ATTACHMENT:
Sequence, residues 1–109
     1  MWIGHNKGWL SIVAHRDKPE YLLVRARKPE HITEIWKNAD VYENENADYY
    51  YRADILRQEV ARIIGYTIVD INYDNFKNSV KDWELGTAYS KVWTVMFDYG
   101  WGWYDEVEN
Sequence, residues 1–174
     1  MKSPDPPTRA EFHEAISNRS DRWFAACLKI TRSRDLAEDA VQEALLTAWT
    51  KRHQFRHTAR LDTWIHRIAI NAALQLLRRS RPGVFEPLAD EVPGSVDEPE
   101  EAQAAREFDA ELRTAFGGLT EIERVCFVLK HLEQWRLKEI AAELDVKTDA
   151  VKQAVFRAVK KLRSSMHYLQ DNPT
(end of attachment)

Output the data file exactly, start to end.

Sequence, residues 1–109
     1  MWIGHNKGWL SIVAHRDKPE YLLVRARKPE HITEIWKNAD VYENENADYY
    51  YRADILRQEV ARIIGYTIVD INYDNFKNSV KDWELGTAYS KVWTVMFDYG
   101  WGWYDEVEN
Sequence, residues 1–174
     1  MKSPDPPTRA EFHEAISNRS DRWFAACLKI TRSRDLAEDA VQEALLTAWT
    51  KRHQFRHTAR LDTWIHRIAI NAALQLLRRS RPGVFEPLAD EVPGSVDEPE
   101  EAQAAREFDA ELRTAFGGLT EIERVCFVLK HLEQWRLKEI AAELDVKTDA
   151  VKQAVFRAVK KLRSSMHYLQ DNPT